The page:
On this day 2015, a cell of the Islamic State of Iraq and the Levant commits a string of terrorist attacks across Paris, killing 131 and injuring over 400. It was the deadliest day in France since World War II, as well as the deadliest operation ISIL has carried out in Europe to date.
2015 had already seen a number of major terrorist attacks, in France and elsewhere. In January, a group known as Al-Qaeda in the Arabian Peninsula carried out five separate attacks across the city, the deadliest of which occurred at the offices of satirical newspaper Charlie Hebdo. The following months, terrorists attacked a Jewish community center in Nice. In August, passengers prevented a self-identified “jihadist” from carrying out a shooting a train from Amsterdam to Paris, and on October 31 ISIL claimed responsibility for the bombing of Metrojet Flight 9268 en route to St. Petersburg, which killed 224.
The attacks on this day began with a series of suicide bombings outside the Stade de France, where the French national soccer team was playing Germany with President François Hollande in attendance. One person was killed, but further bloodshed was averted because the bombers failed to enter the stadium. The stadium attack was immediately followed by a string of shootings and another bombing at restaurants closer to the city center, culminating in a massacre and hostage-taking at the Bataclan theater in the middle of a sold-out rock concert. After more than two hours, the French police stormed the theater, resulting in the deaths of the three assailants.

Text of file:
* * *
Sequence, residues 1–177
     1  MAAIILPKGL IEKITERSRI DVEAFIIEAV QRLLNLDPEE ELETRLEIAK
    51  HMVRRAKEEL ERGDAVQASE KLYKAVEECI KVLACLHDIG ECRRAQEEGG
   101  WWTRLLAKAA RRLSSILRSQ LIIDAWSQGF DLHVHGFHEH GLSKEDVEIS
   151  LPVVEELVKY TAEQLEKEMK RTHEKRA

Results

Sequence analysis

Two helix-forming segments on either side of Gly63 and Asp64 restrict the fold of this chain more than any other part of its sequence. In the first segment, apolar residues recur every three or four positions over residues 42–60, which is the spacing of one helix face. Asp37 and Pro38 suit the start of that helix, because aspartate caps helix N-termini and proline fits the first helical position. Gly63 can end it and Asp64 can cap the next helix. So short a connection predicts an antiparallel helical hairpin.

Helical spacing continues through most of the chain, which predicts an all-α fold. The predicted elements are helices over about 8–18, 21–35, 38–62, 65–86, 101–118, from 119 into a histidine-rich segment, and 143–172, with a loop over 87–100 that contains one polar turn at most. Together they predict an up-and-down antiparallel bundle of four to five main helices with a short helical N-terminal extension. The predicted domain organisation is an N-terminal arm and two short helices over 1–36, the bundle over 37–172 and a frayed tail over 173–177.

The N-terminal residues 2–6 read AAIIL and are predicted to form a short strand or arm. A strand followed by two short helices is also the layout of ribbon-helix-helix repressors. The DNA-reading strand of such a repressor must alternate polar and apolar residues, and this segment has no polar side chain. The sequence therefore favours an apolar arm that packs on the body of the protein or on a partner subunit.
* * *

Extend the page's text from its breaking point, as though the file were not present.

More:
As France mourned, its government declared a state of emergency and stepped up its bombing campaign against ISIL. On November 18, one of a series of police raids across the region resulted in the death of Abdelhamid Abaaoud, the alleged mastermind of the attack. Abaaoud held dual Belgian and Moroccan citizenship, while seven of the nine Paris attackers were either Belgian or French. The perpetrators had ties to ISIL’s Brussels cell, which coordinated a number of attacks in Europe including a string of suicide bombings in the Belgian capital the following March. Though a number of ISIL-inspired stabbings and attacks, usually by one or two isolated perpetrators, occurred across France throughout 2016 and 2017, the Paris attacks represent the high-water mark for ISIL’s activities in Europe.